In Florida, if a person is involved in a traffic accident that results in property damage, an injury to someone or a death, that person must remain at the scene and provide the proper identification and insurance information. Failure to do so is a crime, referred to as leaving the scene of a crash or hit and run. If the accident merely results in property damage to the other vehicle, leaving the scene is a misdemeanor crime. However, if another person is injured as a result of the crash, leaving the scene of the accident is a third degree felony punishable by up to five years in prison. If someone dies as a result of the accident, leaving the scene is a first degree felony punishable by up to thirty years in prison.
What constitutes a crash after which the driver must remain at the scene is usually straightforward- any crash with any property damage, injury or death. But what happens when a person is injured or dies without an actual crash?
In a recent hit and run case near Jacksonville, Florida, the defendant was driving when somehow his passenger got separated from the vehicle, struck the road and died. The defendant kept on driving. The defendant was ultimately arrested and charged with leaving the scene of a crash involving death. The criminal defense lawyer filed a motion to dismiss arguing that there was no “crash” under the criminal statute because there was no evidence that the car crashed into the victim. The terms “involved” and “crash” are not defined in the criminal statute, and the criminal defense attorney made the clever argument that a person exiting a vehicle without making contact with it is not being “involved” in a “crash.”
The trial court agreed with the criminal defense lawyer and dismissed the leaving the scene of a crash involving death charge. However, on appeal, the trial court’s decision was reversed. The appellate court noted a prior case where a driver swerved and caused another vehicle to run off the road and overturn. There was no actual collision of vehicles, but this was considered being involved in a crash under the criminal statute because this situation clearly fell within the purpose of the statute which is to determine who causes a crash and why when someone is injured or property is damaged. The idea, of course, is that when someone is involved in a serious crash and flees, that person has something to hide, whether he/she is intoxicated, has a suspended license, is uninsured, has an outstanding warrant or has some other legal issue.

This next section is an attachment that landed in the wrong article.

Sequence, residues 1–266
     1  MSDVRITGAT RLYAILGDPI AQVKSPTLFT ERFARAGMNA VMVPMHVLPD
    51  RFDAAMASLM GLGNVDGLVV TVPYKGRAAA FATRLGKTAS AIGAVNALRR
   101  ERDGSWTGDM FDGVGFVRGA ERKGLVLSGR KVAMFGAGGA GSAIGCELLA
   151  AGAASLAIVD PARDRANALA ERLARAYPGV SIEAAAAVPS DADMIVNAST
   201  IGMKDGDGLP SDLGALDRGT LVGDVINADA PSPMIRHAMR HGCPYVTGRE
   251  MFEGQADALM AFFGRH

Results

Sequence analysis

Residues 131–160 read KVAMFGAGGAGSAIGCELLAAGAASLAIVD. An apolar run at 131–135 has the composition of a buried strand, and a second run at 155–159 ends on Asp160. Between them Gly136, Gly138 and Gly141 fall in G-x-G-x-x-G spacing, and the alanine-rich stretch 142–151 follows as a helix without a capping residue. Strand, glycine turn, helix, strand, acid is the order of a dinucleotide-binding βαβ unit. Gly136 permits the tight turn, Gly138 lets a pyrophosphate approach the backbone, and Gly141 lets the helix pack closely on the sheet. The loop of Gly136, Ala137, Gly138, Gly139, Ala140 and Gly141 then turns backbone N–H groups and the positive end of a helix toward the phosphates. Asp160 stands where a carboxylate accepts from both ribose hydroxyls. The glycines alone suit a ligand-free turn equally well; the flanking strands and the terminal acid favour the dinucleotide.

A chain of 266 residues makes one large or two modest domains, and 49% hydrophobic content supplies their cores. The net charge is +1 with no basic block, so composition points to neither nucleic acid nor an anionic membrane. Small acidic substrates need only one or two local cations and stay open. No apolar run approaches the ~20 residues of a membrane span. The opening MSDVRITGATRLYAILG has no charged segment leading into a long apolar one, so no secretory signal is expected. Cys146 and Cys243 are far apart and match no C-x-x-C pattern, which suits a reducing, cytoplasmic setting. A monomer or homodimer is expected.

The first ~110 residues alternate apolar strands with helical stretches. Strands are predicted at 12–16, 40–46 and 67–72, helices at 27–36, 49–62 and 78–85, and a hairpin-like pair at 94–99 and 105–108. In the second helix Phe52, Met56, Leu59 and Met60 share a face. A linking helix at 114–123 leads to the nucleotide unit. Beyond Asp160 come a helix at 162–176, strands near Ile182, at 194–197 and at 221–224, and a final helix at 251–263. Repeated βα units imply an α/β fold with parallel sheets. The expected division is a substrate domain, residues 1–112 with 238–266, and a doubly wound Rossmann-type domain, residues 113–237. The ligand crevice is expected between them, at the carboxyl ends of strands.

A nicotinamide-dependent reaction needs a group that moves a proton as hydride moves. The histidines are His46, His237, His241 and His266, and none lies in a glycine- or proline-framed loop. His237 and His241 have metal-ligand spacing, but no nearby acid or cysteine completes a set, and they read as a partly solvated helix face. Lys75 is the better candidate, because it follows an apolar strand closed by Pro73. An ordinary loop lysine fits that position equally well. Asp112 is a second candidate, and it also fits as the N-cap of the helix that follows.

The appellate court interpreted being “involved in a crash” as to not require an actual collision with a vehicle. It is still not clear exactly what being involved in a crash means for the purpose of the criminal statute. However, the courts will likely take a common sense approach so that if a person is driving and is involved in a situation where another vehicle is damaged or another person is injured or killed, that driver needs to stop and provide his/her information to the other driver and/or wait for police.